Art | Wry Society

The country art fair

Most of Hugo’s artists would struggle to get their work to hang from the railings in the Bayswater Road, let alone the exclusive galleries of Cork Street.

February 26 2010
Adam Edwards

Hugo de Piro spoke of Cork Street as if he had been actually born there. He boasted of an extremely close knowledge of London’s premier gallery space and talked of showing “his artists” in the West End’s home of contemporary art. However, his chance of exhibiting in the street was about as likely as persuading Tate Modern to hang a Jack Vettriano.

This was not just because de Piro was based in Wiltshire but also because the majority of his artists would struggle to get their work to hang from the railings in the Bayswater Road, let alone in the exclusive galleries that sold to the pin-heeled, permatanned multicultural market.

However, his clientele west of Reading were ignorant of this fact. As far as they were concerned, de Piro was the very spit of a sophisticated gallery owner. He cut an urbane figure in his dark corduroy jacket and skinny ties, including one featuring a hand-painted Bedlington terrier by the fine artist Craigie Aitchison. His gallery, created out of a converted barn and called “My Space”, was a temple for the local bohemian element and occasionally attracted the more daring stalwarts of the Shires.

The craggy de Piro had reached this modest position mostly thanks to some luck and his little black book. He had been at art school in London during the 1970s where he concentrated on conceptual art – and where, as he delighted in telling anyone who asked about it, “the idea, and the means of producing art, is more important than the finished work” – and his big idea, and his production of it, was the bedding of female students. The ensuing result was that he duly failed to get a decent art diploma but he did leave college with a bulging address book.

When a number of his former conquests began to establish their careers, Hugo was there to sponge off them. And he might have continued to do so if it had not been for the death of his mother, who left him the decent detached family house in the well-bred sticks, which he parlayed into the gallery and reinvented himself as a former player in the London art world who had chosen to “retreat to the sticks to run a rusticated arts lab”.

In truth, it was not much different from most provincial galleries with regular exhibitions of abstract acrylics, pop art lithographs and crass bronzes of alien figures. At least once a year there was a one-man show or, rather, a one-woman show of expensively framed paintings done by a rich, lonely wife who had finished making over her bijou manor into an interior-decorated doll’s house and turned her hand to fine art. Her friends came to the lavish launch party and felt duty-bound to buy her overpriced daubs – Hugo took 40 per cent.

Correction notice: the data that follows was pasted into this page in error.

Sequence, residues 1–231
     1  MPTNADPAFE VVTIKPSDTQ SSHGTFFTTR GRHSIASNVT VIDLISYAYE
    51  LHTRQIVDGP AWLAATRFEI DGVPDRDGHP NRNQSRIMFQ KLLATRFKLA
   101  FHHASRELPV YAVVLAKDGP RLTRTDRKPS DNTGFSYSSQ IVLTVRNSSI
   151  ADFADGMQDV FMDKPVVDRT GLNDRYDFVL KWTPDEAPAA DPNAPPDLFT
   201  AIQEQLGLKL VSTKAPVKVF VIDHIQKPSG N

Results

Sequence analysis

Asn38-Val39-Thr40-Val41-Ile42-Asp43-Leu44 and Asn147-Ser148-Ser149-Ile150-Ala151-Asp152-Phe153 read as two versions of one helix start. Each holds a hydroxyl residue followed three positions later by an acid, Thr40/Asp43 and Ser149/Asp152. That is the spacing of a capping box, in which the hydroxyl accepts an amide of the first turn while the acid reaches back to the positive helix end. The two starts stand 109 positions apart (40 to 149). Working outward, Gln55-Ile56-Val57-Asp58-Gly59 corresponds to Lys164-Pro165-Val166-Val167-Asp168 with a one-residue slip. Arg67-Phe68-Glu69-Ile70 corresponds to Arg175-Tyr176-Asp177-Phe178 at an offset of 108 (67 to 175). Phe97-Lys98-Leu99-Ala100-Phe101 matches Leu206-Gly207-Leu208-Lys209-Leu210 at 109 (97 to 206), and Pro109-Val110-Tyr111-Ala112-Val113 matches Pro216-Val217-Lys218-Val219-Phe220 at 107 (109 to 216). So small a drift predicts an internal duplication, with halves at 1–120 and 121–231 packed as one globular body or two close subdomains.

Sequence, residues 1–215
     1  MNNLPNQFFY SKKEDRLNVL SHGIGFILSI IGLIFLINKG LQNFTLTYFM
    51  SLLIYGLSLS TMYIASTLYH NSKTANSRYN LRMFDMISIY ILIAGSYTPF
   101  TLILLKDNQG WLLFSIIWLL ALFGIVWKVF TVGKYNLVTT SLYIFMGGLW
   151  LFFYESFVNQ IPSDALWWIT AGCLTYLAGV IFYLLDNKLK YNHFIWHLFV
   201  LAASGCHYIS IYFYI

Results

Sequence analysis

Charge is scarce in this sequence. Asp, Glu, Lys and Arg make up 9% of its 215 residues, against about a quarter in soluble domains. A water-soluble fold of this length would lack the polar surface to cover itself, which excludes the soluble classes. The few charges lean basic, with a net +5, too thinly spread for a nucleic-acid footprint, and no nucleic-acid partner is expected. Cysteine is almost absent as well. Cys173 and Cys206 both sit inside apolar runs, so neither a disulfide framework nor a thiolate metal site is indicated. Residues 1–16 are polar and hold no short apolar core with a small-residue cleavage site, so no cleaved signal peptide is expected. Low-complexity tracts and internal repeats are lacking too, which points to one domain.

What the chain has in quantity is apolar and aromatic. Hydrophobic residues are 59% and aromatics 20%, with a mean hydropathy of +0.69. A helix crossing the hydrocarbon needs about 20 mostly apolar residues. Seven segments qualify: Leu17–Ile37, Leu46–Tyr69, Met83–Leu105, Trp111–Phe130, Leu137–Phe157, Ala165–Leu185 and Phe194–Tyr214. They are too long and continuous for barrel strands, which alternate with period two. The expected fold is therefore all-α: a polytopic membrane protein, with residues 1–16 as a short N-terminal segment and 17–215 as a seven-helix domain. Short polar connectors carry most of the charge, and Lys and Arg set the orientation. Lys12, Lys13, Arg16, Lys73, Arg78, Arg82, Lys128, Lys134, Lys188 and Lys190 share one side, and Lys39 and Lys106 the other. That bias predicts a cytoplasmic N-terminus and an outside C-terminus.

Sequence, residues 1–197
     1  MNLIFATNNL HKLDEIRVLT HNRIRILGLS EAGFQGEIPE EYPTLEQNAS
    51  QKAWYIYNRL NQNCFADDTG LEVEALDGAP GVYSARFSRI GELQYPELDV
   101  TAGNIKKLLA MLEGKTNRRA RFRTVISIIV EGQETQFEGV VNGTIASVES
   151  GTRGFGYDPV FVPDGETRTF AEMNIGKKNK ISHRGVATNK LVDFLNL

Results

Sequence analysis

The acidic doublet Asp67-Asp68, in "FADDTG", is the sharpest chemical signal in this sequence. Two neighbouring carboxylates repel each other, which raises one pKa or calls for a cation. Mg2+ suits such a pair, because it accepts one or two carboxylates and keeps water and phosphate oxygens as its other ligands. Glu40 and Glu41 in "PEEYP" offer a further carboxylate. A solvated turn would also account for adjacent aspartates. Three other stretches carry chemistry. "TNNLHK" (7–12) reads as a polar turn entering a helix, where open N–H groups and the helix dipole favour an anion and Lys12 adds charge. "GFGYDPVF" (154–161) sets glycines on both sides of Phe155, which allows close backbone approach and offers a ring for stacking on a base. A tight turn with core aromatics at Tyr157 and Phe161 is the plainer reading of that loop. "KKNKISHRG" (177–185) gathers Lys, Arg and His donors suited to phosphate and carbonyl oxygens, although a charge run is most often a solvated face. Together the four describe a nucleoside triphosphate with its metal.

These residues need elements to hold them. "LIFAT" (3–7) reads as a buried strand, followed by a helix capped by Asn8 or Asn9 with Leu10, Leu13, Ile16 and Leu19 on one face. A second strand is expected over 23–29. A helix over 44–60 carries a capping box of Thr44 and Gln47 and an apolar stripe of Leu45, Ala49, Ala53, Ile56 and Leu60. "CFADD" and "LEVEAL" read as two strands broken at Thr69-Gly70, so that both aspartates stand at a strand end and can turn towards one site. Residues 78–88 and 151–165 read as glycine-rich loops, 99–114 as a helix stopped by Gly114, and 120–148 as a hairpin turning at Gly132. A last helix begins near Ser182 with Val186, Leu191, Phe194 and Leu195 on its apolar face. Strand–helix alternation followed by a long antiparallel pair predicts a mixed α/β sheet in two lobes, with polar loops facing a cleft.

And twice a year, in the spring and autumn, Hugo held a show of “his painters”. He would consult his black book and find an artist who had a body of work that could be transported west (usually, it was work that had already been exhibited in the capital but had not sold). Hugo then sent out a shower of invitations to the local gentry, shipped in a couple of cases of cheap plonk and played mine host to his latest “major find”, wearing his Aitchison tie.

However, recently his sources had begun to dry up as over the years his roster of past dalliances had either dropped out or become too successful. His former lover Rosie Smith, for example, was beginning to make something of a name for herself with her simple, strongly coloured two-tone landscapes. She had already had one exhibition at the Molesworth Gallery in Cork Street and had been promised another. Nowadays, she didn’t want to dilute her new work by hanging it in the provinces. Instead, she offered Hugo half a dozen of her old paintings, which carried a hefty price tag. Annoyingly, it was not enough for a proper exhibition. And so, rather than weaken the show, Hugo knocked out a couple of landscapes in the style of Smith, had them copied and framed and sold them as unsigned numbered lithographs.

And all would have gone swimmingly if it had not been for the chap in the spotted bow tie who, when he saw the limited-edition prints, claimed that they were better than anything else Rosie Smith had ever done and gave Hugo his card. It read “David Molesworth, Cork Street”.